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Imperial College London researchers developing tech to monitor dementia patients at home

Published on 17/04/19 at 11:55am

Researchers at Imperial College London are hard at work developing technology to aid the lives of dementia patients in their own homes with the goal of increasing their independence and avoiding unnecessary trips to the hospital.

The technology, which includes in-ear and wearable sensors, sleep monitors and robotic devices, could be usable within five years and could become the standard for patients with dementia. While not all of these tools are new and some of it exists already, the plan is now to extend their use into the daily lives of those living with dementia.

Researchers at London’s new £20 million Care Research & Technology Centre are at work developing an in-ear electroencephalogram (EEG) device which monitors a patient’s fluctuations in brain activity and tracks their movements around the home using radar technology. These sensors could detect the presence of behavioural abnormalities which could pre-empt a potential hospital admission, such as increased body temperature as the result of an infection, or a change in walking pattern which could lead to a fall.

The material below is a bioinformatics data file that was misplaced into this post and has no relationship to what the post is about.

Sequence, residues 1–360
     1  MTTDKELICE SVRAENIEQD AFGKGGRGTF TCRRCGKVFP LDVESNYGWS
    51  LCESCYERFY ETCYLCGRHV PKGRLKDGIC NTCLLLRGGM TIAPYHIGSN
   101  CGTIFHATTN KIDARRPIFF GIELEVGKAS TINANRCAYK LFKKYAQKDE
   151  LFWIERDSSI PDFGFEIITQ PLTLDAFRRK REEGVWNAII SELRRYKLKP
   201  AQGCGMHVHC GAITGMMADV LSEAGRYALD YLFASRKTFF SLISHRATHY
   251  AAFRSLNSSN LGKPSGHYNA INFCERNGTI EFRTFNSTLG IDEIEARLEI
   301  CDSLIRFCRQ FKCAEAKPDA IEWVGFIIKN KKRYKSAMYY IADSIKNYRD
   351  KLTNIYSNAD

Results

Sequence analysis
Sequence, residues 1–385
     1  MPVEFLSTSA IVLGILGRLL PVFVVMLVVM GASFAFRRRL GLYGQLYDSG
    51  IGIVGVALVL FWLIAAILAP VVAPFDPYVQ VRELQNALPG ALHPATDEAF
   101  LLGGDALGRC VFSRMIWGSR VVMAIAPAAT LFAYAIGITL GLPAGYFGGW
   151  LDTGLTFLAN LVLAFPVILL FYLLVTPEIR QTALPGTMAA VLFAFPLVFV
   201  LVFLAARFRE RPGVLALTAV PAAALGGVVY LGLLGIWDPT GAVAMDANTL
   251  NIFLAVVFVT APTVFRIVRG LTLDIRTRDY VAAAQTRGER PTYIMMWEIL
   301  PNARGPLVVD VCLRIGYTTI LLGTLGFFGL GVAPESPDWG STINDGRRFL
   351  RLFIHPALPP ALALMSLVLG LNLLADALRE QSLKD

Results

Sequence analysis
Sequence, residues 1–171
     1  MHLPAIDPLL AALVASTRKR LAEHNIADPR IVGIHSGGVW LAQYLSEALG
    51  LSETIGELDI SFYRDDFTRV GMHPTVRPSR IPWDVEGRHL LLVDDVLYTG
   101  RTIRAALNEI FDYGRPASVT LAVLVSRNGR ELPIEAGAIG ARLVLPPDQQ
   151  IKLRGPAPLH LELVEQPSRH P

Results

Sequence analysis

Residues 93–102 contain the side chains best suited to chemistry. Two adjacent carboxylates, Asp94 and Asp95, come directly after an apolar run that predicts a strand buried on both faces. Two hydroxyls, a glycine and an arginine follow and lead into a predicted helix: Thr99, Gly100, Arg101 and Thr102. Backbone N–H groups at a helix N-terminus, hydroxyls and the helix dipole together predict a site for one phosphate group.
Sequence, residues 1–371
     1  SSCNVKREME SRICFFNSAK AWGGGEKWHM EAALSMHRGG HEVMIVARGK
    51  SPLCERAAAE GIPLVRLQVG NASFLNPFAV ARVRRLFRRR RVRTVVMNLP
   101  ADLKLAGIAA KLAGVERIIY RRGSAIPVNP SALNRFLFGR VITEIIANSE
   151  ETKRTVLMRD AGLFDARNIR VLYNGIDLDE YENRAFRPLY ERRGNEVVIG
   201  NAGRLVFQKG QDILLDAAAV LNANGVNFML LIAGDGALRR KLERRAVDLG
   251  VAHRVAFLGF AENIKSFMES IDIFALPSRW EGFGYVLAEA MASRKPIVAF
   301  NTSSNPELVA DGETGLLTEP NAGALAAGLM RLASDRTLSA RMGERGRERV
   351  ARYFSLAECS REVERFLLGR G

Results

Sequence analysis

These technologies will be tested and evaluated for their utility and practicality by dementia patients to ensure they are fit for purpose.

The project will be based at Imperial College London, conducted in collaboration with the University of Surrey, and funded by the UK Dementia Research Institute’s three founding members: the Medical Research Council, Alzheimer’s Society and Alzheimer’s Research UK.

“The vision for this centre is to use patient-centred technology to help people affected by dementia to live better and for longer in their own homes,” explained Professor David Sharp, Neurologist at Imperial College London and Head of the new centre. “Latest figures suggest one in four hospital beds are occupied by people with dementia – and 20% of these admissions are due to preventable causes such as falls, dehydration and infections. The new technologies we develop will improve our ability to support people in their homes. They will allow us to intervene at an early stage, to prevent the crises that so often lead to hospital stays, or a move to a care home. What’s more, we’ll be able to improve our understanding of dementia onset and progression.”

Matt Fellows

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